JUAN GARCIA: Well, it's kind of hard because you need to carry lots of food and uphill. And it's - then your legs hurt.

SIEGLER: He and his family also have to backpack in all of their groceries and supplies.

GARCIA: Like three times a week.

SIEGLER: Hauling in all of your food on your back, hiking to and from work and school, this is the reality for folks along this isolated coastline. The bridge won't open until at least September. And the main highway to the south, that was taken out by a massive landslide. It won't open for at least another year.

JEANNE CROWLEY: How are you?

UNIDENTIFIED MAN: I'm good. How are you?

CROWLEY: Good - good seeing you.

SIEGLER: Mother Nature likes to deliver a gut check in Big Sur. People here are hardy, though.

CROWLEY: They always say if Big Sur wants you, it'll keep you. If it doesn't, spit you out.

SIEGLER: But even Jeanne Crowley considers this past year extraordinary. First, last summer's wildfire forced evacuations - then, this winter, 100 inches of rain. She's hiking in to check on a hotel she manages. Like most beyond the bridge closure, it's closed at least until September.

CROWLEY: But that's also the nature of living on the edge of the world. I mean, you drive on that road thinking, wow (Laughter). I'm right there.

SIEGLER: Soon the trail reaches the famous road, - the PCH. It's eerily void of traffic and tourists but full of construction crews working on the bridge.

(SOUNDBITE OF CONSTRUCTION EQUIPMENT BEEPING)

SIEGLER: Pickups are parked in the weeds along the shoulder. Most people put one vehicle here and another back on the other side of the closure. Crowley has arranged us a ride. We pass a gas station. They're rationing - only open two hours a day. The post office is closed. And soon, there's a jaw-dropping view of the Pacific and, at a sharp bend, the hotel Crowley manages, Deetjen's Inn.

CROWLEY: This is a road that goes up to our employee housing. So that road has fallen away.

SIEGLER: You can still see where a mudslide took out two historic cabins. About 45 workers at Deetjen's were laid off. All told, the economic losses from the closures in Big Sur could approach half a billion dollars.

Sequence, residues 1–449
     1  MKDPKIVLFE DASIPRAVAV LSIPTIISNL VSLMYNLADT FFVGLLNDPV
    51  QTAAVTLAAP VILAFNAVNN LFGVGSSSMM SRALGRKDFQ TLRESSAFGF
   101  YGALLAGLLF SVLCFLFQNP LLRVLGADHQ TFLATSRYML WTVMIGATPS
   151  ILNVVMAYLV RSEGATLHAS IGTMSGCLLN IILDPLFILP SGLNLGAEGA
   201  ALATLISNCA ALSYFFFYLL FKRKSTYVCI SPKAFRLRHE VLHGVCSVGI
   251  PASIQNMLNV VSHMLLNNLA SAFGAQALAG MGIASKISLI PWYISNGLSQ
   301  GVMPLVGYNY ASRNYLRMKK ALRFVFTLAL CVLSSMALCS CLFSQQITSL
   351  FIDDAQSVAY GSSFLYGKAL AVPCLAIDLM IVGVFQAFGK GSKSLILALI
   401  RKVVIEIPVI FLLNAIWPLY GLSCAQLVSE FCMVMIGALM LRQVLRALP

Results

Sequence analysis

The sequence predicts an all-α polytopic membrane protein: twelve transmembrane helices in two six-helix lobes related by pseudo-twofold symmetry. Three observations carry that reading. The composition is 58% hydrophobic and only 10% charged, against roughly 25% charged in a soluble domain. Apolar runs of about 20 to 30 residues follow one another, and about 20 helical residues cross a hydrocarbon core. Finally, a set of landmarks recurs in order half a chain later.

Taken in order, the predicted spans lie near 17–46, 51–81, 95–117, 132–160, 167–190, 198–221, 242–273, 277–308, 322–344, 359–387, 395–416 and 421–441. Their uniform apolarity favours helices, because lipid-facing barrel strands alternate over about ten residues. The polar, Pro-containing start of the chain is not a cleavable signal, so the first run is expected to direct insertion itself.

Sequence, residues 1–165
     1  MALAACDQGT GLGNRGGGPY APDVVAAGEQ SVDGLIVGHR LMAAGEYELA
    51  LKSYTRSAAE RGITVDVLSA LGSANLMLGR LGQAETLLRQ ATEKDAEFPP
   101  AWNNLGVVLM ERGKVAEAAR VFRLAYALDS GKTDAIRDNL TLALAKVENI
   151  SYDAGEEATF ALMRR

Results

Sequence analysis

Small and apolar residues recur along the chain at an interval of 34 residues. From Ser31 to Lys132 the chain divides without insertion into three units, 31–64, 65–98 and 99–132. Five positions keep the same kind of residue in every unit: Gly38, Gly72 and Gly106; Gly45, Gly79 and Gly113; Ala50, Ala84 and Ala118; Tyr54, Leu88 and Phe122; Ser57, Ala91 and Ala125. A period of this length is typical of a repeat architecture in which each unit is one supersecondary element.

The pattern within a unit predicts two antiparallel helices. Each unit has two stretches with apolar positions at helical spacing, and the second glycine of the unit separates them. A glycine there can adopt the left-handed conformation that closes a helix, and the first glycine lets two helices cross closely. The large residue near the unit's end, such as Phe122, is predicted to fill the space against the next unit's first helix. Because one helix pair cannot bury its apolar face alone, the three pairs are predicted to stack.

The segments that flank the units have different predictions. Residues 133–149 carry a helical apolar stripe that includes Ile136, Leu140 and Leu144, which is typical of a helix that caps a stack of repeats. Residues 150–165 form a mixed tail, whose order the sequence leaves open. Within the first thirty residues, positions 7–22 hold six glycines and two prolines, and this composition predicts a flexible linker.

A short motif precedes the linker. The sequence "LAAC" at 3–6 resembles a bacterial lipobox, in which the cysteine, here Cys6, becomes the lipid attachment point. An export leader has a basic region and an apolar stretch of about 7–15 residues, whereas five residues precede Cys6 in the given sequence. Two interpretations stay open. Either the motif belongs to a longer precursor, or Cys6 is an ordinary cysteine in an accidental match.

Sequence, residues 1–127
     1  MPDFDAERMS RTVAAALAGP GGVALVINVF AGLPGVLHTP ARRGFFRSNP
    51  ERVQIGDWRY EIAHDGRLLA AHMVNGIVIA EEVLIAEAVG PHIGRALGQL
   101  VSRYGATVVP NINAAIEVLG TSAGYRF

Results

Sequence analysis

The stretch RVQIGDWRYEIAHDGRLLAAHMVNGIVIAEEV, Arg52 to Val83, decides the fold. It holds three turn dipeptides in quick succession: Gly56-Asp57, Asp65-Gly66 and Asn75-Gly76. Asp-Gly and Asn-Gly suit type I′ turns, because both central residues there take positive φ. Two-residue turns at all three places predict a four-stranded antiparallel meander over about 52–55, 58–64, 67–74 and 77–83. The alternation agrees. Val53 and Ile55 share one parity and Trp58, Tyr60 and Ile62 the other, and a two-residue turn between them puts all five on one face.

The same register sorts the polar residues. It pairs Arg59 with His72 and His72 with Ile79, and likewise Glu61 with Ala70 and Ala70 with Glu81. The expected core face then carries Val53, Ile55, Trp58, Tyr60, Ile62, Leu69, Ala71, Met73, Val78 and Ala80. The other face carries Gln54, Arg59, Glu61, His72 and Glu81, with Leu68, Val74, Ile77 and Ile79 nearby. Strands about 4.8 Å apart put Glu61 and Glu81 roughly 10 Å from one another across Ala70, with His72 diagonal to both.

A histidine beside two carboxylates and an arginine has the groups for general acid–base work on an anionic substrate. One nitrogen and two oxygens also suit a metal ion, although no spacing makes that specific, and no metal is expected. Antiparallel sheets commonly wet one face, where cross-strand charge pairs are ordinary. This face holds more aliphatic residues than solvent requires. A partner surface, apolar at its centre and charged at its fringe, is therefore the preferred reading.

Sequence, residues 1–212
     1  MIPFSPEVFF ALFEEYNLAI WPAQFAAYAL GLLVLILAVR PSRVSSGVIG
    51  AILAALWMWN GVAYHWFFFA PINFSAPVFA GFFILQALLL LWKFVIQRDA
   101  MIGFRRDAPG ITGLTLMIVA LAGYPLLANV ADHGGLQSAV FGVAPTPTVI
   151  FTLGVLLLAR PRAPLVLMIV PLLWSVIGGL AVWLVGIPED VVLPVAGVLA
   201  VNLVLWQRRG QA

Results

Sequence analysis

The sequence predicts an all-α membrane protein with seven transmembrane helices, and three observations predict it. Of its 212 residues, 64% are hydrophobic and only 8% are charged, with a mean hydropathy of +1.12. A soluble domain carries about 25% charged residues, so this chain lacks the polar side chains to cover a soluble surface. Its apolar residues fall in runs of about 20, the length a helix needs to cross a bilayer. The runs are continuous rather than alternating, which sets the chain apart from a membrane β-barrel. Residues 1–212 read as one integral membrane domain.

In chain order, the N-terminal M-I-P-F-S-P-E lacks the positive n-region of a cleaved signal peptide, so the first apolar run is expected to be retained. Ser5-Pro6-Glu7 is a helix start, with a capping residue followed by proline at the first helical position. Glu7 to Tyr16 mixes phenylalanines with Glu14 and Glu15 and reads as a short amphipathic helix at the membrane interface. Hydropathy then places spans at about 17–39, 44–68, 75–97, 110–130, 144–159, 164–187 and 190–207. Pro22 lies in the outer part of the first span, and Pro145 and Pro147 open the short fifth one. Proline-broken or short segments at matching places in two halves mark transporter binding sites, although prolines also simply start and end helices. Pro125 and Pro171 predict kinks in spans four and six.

CROWLEY: What's been tricky is the constant delays. So people are like, oh, I can make it till May. But now it's September.

SIEGLER: All this drama has led to some soul-searching. Is a business sustainable in such a vulnerable area like this, especially with climate change? And then there's the highway itself. It's old - originally built in the 1930s. More than a million cars now drive over it every year. Right now, you don't hear the traffic. And the local woman I met on the highway, who calls herself Coco Odessey, told me it's nice to hang out at the vistas and waterfalls because they're not mobbed with tourists.

COCO ODESSEY: I mean, I love it because this is what I came here for - to be with the land, to learn from it.

SIEGLER: But not everyone can stay.

JUAN PEREZ: It's a little difficult. I mean...

SIEGLER: On the other side of the bridge closure, Juan Perez is stacking chairs finishing up his shift waiting tables at a diner. The commuting on foot back and forth started to wear on his 8-year-old son especially. So he quit his other job, with 11 years working at a resort.

PEREZ: You know, I think that's another five months or maybe six - depends - the bridge. And so that's like - so that's why it's - I can't do this. Long, long time, and time is money. So I always work two jobs - always.

SIEGLER: He's decided to move up to the nearest city, Monterey, reluctantly. But there's a better shot at getting a second job there. Kirk Siegler, NPR News, Big Sur, Calif. Transcript provided by NPR, Copyright NPR.